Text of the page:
Lester Aldridge has achieved great success recently after winning the case of Quilter v Hodson Developments Limited  EWCA Civ 1125 in both the County Court and Court of Appeal on behalf of the claimant, Ms Quilter. Interesting points of law were raised which may have broader application to other cases, in relation to the assessment of damages, principles of mitigation, and the effect of an NHBC guarantee.
The claimant purchased a flat in a development managed by the defendant developers for £240,000 in January 2012. Prior to exchange of contracts, the defendant was sent standard form pre-contractual enquiries to complete but failed to disclose information relevant to a dispute concerning the heating and hot water system at the property. At trial, the County Court Judge found that the defendant had made misrepresentations by implying that it was not aware of the dispute and that, consequently, the claimant suffered loss when purchasing the property.
The defendant appealed this finding in the Court of Appeal, which in turn dismissed the appeal and affirmed the decision of the County Court. Three particularly interesting points of discussion arose from the Court of Appeal decision; namely:
1. Whether a general increase in market value of the property after a cause of action has arisen should be deducted from any damages awarded to the claimant.
The Court stated that the claimant “did not get what she bargained for and should be compensated accordingly”. She adopted the risk as to changes in the market and was entitled to retain the benefit of any related increase in value.
2.To what extent the claimant should be obliged to mitigate her loss by reselling the property.
Having regard to the claimant’s re-sale of the property, the Court of Appeal also established principles in relation to the requirement for claimants to mitigate their losses. The defendant sought to rely on the recent Court of Appeal decision in Bacciottini and another v Gotelee & Goldsmith (A firm)  EWCA Civ 170, in which damages were reduced because the claimant was able to mitigate its losses relatively easily and cheaply.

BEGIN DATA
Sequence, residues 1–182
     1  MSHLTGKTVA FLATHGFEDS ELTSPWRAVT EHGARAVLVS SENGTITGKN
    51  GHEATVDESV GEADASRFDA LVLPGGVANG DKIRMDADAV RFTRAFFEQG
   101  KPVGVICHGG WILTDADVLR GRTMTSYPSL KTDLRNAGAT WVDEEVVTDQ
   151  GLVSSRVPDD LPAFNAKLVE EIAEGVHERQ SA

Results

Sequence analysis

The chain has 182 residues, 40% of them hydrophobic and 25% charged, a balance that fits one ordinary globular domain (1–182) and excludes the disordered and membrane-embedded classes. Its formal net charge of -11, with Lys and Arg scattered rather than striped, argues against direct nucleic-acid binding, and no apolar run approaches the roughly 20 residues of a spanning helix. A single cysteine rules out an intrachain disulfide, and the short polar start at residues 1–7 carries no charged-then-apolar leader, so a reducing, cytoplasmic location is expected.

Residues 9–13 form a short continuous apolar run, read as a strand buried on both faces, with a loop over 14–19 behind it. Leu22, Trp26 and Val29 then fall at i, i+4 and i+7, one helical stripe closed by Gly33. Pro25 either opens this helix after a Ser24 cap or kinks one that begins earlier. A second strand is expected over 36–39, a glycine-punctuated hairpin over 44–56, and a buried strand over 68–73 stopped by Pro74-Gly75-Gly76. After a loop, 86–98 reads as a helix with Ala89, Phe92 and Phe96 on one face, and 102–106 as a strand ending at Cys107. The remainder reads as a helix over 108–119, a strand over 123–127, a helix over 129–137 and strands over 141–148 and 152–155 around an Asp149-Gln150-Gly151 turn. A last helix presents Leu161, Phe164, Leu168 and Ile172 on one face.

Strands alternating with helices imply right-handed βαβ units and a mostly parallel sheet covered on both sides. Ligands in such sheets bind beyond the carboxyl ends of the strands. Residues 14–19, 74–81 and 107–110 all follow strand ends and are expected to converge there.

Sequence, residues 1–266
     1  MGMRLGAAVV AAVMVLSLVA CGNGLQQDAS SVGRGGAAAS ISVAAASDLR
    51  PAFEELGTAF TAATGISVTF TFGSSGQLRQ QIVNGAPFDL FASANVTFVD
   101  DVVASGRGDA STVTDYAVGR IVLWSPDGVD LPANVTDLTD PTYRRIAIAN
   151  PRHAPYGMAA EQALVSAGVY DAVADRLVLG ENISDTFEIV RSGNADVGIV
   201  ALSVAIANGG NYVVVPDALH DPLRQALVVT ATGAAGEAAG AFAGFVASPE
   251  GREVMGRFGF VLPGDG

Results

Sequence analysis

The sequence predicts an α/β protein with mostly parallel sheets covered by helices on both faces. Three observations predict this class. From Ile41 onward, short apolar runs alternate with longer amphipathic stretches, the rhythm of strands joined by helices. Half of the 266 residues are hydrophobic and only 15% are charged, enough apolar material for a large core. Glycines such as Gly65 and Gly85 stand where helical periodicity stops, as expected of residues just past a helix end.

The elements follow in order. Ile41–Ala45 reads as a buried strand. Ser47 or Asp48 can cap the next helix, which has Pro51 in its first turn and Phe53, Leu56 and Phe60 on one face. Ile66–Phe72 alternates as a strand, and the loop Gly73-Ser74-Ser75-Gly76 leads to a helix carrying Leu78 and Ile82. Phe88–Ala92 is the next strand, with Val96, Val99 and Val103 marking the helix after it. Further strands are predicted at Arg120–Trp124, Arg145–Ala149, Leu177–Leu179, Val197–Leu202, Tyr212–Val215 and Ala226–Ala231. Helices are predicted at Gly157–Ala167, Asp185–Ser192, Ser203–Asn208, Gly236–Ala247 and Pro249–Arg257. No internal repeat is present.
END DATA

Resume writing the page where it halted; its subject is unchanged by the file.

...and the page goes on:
The Court confirmed that, generally, any resulting profit from a sub-transaction that is part and parcel of a transaction that gave rise to a wrong should be taken into account when assessing damages. However, this did not apply in Quilter, because the claimant’s re-sale was not part and parcel of such a transaction. The Court held that the re-sale arose in the ordinary course of the claimant’s life and that the claimant had no obligation to mitigate by re-selling the property she had bought for herself and her son to live in. The re-sale was therefore independent of the initial sale/purchase transaction between the parties.
3. How important is an NHBC guarantee when assessing loss?
This case extended the principle that it is irrelevant whether repairs can be completed under an insurance policy, to instances where repairs are covered under an NHBC guarantee. The Court compared the NHBC guarantee to any other policy of insurance and consequently held that the use of a guarantee by the claimant to reduce or extinguish loss should not be brought into account when assessing damages. This is of particular importance given the prevalence of NHBC guarantees throughout the UK housing market.
There is a key lesson to be learnt from this case; sellers of a property (or indeed any asset) should take great care to ensure that any representations made about that property during the sale/purchase transaction are accurate. Purchasers may have a valid claim against the seller if they have suffered loss as a result of an inaccurate statement or omission made during the early stages of a transaction.
This is a complex area which could affect a wide range of transactions beyond property sales. As the facts of every case materially differ, we recommend that specialist legal advice be obtained to protect your or your business’ position. Should you wish to discuss any aspects of this case or otherwise wish to engage Lester Aldridge, please contact Amelia Williams.
Amelia was supported on this case by trainee solicitor, Henrietta Dunkley.